Creating the Tipping Point - Blog

Getting Political - tracking what they say

August 21, 2007

The Education Writers Association recently launched a blog monitoring what the presidential candidates are saying about education issues.  It explores both K-12 and higher education policy issues.  This will be a useful service to help educate advocates where the presidential candidates stand.

I will add an RSS feed from the Education Election blog to this web site so that you can track the candidates from the EDUadvocates web site.

Legislators call for changes in Higher Education

November 28, 2006

Over the last few months there have been a string of reports highlighting the challenges in higher education. A report released yesterday by a bi-partisan commission at the National Conference of State Legislators called on state legislators to take a leadership role in addressing funding and accountability issues within higher education.

This report was one of the first to recognize the pressures that higher education institutions have faced with decreasing state support. “Higher ed can get short shrift in tough budget times because it has the built-in funding source of tuition.”

"We call state legislators to action," said Wisconsin Representative Rob Kreibich, co-chair of NCSL's Commission. "They have the power to demand that we do better, to demand that we think of higher education not as the balance wheel of budgets, but as an investment in our future."

Read a summary of the report here: http://www.ncsl.org/programs/press/2006/pr061127.htm

This report offers an opportunity that higher education institutions should seize in the coming months as state legislatures begin their new legislative sessions. There is growing momentum that changes must occur within higher education to improve quality and accessibility.

It is critical that institutions get in front of these changes and recommendation by offering their own plans for change. This will allow institutions to control the debate and making sure that the cure isn’t worse than the disease.

Privatizing Higher Education – More with less

March 28, 2006

Over the last few months there has been a lot of discussion about the privatization of higher education. This week, I am launching a series that will explore this issue over the coming months. Read a previous post here.

The first in this series will look at a study released last week by the State Higher Education Executives Office that demonstrates how more higher education institutions are relying on students to pay for a larger share of the cost of instruction.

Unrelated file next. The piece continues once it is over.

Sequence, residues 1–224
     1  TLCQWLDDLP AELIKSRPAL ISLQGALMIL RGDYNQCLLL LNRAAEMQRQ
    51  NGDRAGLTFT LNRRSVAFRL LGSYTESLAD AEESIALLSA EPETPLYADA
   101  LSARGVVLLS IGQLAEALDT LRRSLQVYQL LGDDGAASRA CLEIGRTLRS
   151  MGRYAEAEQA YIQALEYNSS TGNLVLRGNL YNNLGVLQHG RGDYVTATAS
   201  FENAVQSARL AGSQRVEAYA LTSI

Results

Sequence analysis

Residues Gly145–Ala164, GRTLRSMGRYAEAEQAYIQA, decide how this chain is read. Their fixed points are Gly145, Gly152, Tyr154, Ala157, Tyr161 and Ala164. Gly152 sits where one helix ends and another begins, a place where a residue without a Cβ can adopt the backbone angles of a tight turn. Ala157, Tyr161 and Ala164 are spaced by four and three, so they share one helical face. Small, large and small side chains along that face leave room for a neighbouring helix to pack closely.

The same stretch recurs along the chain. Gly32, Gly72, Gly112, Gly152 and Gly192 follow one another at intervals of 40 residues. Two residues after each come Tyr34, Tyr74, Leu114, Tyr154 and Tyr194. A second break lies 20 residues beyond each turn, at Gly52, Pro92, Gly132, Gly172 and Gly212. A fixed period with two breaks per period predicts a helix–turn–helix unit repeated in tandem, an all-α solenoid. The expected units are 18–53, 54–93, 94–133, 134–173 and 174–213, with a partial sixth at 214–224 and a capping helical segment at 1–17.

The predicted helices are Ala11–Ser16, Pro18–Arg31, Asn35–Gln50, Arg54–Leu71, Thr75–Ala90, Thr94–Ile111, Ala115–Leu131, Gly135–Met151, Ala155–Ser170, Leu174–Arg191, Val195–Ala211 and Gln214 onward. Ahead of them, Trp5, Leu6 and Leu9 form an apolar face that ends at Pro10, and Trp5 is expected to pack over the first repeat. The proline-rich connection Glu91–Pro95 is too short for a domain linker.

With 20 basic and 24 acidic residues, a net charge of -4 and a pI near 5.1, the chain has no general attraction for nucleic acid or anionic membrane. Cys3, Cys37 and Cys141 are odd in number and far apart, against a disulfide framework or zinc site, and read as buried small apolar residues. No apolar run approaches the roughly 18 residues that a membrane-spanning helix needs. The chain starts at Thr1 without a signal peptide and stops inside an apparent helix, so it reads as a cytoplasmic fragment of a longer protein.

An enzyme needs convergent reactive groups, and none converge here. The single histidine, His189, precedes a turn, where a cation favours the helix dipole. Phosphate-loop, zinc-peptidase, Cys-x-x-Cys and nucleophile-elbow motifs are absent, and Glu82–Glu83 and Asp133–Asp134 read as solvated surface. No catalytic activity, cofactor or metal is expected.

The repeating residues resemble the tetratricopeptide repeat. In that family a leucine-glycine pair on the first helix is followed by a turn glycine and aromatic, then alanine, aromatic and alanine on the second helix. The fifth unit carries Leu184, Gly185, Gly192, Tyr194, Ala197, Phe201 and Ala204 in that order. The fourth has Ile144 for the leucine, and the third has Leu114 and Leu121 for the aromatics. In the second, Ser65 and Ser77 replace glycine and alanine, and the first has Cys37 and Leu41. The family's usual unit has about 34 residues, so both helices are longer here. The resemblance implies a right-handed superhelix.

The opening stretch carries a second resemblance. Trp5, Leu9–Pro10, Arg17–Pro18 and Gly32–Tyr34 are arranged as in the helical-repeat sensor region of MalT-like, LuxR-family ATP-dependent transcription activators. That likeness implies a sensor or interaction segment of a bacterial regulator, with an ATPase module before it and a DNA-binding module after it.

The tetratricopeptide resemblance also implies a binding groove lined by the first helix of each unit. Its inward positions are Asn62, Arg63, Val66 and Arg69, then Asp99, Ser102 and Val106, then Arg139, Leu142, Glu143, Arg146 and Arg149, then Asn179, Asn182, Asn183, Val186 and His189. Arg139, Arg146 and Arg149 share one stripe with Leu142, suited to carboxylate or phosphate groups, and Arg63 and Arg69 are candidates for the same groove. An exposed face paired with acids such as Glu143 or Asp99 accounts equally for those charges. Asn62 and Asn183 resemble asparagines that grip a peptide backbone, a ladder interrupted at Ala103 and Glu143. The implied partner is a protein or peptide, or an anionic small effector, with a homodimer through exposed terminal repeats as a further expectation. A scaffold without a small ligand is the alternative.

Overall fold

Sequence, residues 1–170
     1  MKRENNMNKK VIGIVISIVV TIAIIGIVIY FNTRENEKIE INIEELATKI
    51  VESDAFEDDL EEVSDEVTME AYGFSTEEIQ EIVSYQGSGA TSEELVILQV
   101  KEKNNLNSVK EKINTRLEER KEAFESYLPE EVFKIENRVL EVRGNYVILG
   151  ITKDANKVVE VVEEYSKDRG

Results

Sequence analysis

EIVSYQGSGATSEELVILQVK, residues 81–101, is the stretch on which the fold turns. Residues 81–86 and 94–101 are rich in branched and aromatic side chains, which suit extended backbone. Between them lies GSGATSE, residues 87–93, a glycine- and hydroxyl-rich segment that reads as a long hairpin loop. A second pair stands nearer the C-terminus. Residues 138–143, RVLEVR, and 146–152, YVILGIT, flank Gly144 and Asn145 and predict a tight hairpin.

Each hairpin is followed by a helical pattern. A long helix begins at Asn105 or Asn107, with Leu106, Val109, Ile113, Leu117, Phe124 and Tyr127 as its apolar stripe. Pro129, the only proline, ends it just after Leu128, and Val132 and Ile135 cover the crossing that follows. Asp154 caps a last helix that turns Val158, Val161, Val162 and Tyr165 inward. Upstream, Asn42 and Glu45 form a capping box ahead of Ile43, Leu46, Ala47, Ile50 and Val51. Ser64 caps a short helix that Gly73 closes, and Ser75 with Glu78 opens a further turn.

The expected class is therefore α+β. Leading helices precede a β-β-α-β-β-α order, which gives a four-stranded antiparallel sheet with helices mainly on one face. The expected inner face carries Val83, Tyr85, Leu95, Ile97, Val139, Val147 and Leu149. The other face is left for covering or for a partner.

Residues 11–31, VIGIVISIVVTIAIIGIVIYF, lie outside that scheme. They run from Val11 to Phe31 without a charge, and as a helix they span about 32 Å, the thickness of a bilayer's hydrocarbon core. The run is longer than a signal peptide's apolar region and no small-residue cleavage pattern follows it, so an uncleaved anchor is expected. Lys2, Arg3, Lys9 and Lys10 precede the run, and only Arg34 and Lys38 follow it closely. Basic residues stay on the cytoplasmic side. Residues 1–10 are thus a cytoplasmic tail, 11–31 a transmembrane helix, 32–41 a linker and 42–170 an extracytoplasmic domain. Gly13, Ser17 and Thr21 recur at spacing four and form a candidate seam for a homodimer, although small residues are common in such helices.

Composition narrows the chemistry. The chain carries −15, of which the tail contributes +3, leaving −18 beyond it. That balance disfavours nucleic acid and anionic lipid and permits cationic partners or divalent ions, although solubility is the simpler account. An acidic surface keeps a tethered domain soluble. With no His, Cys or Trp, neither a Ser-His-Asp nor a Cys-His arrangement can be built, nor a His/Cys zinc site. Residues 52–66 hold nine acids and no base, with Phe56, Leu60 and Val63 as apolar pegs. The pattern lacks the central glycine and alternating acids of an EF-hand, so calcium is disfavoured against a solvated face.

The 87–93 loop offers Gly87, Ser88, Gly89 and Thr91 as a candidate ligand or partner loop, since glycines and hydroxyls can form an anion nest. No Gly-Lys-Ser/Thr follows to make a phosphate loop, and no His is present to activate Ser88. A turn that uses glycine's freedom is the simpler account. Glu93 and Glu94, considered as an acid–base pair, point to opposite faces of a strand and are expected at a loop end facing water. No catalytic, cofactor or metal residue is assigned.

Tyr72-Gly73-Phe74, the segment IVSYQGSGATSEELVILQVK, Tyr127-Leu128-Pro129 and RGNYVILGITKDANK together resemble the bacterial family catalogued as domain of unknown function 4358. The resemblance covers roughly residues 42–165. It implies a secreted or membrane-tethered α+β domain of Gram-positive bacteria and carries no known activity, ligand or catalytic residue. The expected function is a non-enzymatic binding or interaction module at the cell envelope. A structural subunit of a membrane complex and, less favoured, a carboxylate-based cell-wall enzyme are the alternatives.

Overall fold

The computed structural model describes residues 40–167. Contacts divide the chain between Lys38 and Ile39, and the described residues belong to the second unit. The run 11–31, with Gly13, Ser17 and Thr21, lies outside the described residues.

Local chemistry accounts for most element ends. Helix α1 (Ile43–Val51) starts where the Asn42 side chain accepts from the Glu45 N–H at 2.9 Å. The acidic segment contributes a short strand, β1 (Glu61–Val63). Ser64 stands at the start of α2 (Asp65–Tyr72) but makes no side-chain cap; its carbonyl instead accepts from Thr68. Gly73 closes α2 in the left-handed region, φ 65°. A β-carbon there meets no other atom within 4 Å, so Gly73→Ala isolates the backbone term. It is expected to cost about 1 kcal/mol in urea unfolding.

The study found that there has been a significant decline in the amount of money spent by the state per student for the cost of instruction. Today the national average spent per student is $5,833, which is down from $7,121. This decline is a result of stagnant state support and increasing student enrollment.

“In 2005, however, the combined effects of enrollment, growth and inflation grew faster than state and local support. And published projections of state revenues and expenditures suggest that current tax structures are inadequate to sustain existing levels of support for public services. In effect, tax rate reductions enacted during good economic times are making it very difficult for states to finance growing demand for public services in the early years of the 21st century.”

This increased pressure for limited state resources will exacerbate the need for higher education institutions to expand the role of government affairs and alumni relations programs.

Caps - closing options

September 14, 2005

Over the past five years tuition increases have had dramatic affects on students and families. This has caught the eye of many elected officials at the state a federal level. For example, in South Carolina, the Governor is calling for tuition caps to prevent tuition increases: http://www.thestate.com/mld/thestate/news/local/12638606.htm

Elected officials can position tuition caps as an answer to a problem that does not require them to allocate any money. This is becoming a popular solution that could have negative consequences for public institutions.

If costs continue to rise and budgets remain stagnant for higher education institutions, such proposals will negatively impact the quality of higher education. The silver lining in the budget cuts over the past few years has been that institutions could always increase tuition to minimize the impact of cuts. These proposals will effectively cut that option out and starve higher education institutions.

Institutions will need to build the support among students and parents to effectively handle this issue. Building those relationships will be key to not only address this issue but helpful in building support and reputation for institutions.

 

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